Re: [v6ops] GRASP

Mark Smith <markzzzsmith@gmail.com> Sun, 14 January 2018 03:54 UTC

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From: Mark Smith <markzzzsmith@gmail.com>
Date: Sun, 14 Jan 2018 14:54:13 +1100
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To: james woodyatt <jhw@google.com>
Cc: Brian E Carpenter <brian.e.carpenter@gmail.com>, v6ops list <v6ops@ietf.org>
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Subject: Re: [v6ops] GRASP
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Forgot to send this, still useful I think.

On 28 December 2017 at 10:07, james woodyatt <jhw@google.com> wrote:
> On Dec 22, 2017, at 19:35, Brian E Carpenter <brian.e.carpenter@gmail.com>
> wrote:
>
>
> I don't see that argument for homenets. ISPs don't seem reluctant to hand
> out /64, /56 or /48 to paying subscribers. I can see that if you want to do
> something fancy while roaming, you might have to deal with a single /128.
>
>
> They are very reluctant to deploy CPE gateways that use any current or
> forthcoming protocol to delegate automatically any portion of their prefix
> to routers on home network links. In shorter terms, they are happy to hand
> out /56 (less so /48) to CPE edge routers owned by paying customers, but
> there is no appetite for supporting customers with interior routers
> downstream of the CPE edge router. Certainly not in their provider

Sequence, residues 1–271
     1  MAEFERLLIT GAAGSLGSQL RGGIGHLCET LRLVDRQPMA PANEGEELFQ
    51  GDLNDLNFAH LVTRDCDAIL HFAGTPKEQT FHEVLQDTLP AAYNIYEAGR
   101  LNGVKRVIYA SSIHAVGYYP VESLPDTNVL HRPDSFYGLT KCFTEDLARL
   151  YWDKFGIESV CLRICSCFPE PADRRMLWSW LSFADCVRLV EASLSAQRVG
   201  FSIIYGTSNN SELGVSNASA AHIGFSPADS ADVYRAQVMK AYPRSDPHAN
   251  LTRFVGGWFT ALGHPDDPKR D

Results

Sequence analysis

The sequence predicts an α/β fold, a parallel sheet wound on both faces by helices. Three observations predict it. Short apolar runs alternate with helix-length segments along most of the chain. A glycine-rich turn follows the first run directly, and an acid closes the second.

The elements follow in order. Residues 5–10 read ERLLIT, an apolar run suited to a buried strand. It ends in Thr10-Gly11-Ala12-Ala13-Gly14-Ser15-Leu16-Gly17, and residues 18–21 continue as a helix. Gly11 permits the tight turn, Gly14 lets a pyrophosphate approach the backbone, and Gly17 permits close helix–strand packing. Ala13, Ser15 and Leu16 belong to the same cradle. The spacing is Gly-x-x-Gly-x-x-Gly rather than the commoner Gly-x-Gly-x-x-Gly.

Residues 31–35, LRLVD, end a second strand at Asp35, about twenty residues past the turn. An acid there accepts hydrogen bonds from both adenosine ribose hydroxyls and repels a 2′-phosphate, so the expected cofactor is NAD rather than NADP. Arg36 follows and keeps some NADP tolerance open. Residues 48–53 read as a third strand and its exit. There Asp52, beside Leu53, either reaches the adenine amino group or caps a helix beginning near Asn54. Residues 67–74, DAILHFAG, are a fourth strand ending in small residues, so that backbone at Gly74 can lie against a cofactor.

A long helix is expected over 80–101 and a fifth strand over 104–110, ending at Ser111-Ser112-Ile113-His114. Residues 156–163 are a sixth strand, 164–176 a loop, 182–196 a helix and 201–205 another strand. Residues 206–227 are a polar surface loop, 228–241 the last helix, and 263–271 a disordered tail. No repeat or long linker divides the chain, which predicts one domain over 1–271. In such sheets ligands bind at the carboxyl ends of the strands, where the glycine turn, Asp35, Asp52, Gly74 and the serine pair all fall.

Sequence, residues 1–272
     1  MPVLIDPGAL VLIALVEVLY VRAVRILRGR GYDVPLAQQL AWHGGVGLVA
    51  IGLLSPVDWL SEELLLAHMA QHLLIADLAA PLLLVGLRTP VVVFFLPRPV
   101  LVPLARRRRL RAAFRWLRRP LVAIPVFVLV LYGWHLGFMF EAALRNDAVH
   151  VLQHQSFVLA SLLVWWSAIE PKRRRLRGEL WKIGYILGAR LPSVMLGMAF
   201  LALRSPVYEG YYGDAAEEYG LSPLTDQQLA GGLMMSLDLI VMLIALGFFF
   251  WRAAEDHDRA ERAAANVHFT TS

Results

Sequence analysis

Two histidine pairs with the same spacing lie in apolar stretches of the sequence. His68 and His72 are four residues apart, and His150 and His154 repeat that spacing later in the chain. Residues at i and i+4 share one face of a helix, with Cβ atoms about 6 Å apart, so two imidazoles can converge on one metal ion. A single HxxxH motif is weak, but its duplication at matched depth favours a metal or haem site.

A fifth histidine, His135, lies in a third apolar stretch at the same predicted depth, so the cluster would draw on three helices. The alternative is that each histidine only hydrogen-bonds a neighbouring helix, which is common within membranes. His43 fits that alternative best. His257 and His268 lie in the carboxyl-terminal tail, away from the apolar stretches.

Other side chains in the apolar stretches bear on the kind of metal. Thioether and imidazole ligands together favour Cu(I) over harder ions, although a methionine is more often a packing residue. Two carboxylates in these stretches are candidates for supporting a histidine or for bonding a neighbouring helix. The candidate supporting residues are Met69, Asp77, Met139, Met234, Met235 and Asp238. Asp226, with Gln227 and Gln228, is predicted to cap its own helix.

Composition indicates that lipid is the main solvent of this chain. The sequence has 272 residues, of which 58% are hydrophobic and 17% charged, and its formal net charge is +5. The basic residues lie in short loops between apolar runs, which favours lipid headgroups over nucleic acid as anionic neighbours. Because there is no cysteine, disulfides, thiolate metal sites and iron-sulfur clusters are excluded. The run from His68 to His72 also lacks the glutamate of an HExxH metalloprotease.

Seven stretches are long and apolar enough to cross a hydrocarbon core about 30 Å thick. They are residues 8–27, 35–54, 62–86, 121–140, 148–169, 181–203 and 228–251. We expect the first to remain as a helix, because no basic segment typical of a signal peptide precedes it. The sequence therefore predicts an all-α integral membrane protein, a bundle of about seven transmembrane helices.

> provisioned CPE gateway devices that are more often than not bundled in the
> service agreement and quietly included in the total charge for access. Oh,
> they might have plans to use that number space with some non-standard prefix
> distribution protocol, but it appears there is very little appetite for
> adopting any standard made available for third parties to use freely.
>
> That’s why anybody planning to offer consumers technology solutions that
> include IPv6 router functions running on nodes located behind CPE routers
> are forced to resort to address amplifying NAT to operate as a router on the
> downstream links and a host on the upstream home network link behind the CPE
> router. Just as happened with IPv4 for pretty much the same reasons. I’ve
> spent the better part of three years trying to avoid that conclusion, and my
> experience in V6OPS and HOMENET has led me to conclude that it was a badly
> wasted effort. NAT66 is the wave of the future.

Is NAT66 the only option?

It seems to me that one of the fundamental problems with NAT,
including 1:1 NAT, is that it is somewhere in between simple IP
forwarding based on the IP header, and full host/application
processing. The context and state held in the true end-host and
application is not available in the NAT66 device, and that is why it
can't do a fully transparent translation. The NAT device neither a
router or a host.

I wonder if it would be better to have the "NAT66" device be the true
application end-point for all communications, and then have it
communicate with the down stream devices "internally" via a ULA
address space, as internal application inter-process communication.
The external host/application then has all of the context and
application state necessary to function, so none of the NAT issues
occur. Internally, IPv6 with ULA address just happens be being used as
an application message bus between the downstream devices and the
globally reachable application endpoint.

If the downsteam devices need to have globally unique identifiers and
indirectly globally reachable and visible, they could be generic
UUIDs. They don't need to be IPv6 addresses, because all access to
them is via messages sent to the application with the global IPv6
address.




Regards,
Mark.




>
> --james woodyatt <jhw@google.com>
>
>
>
>
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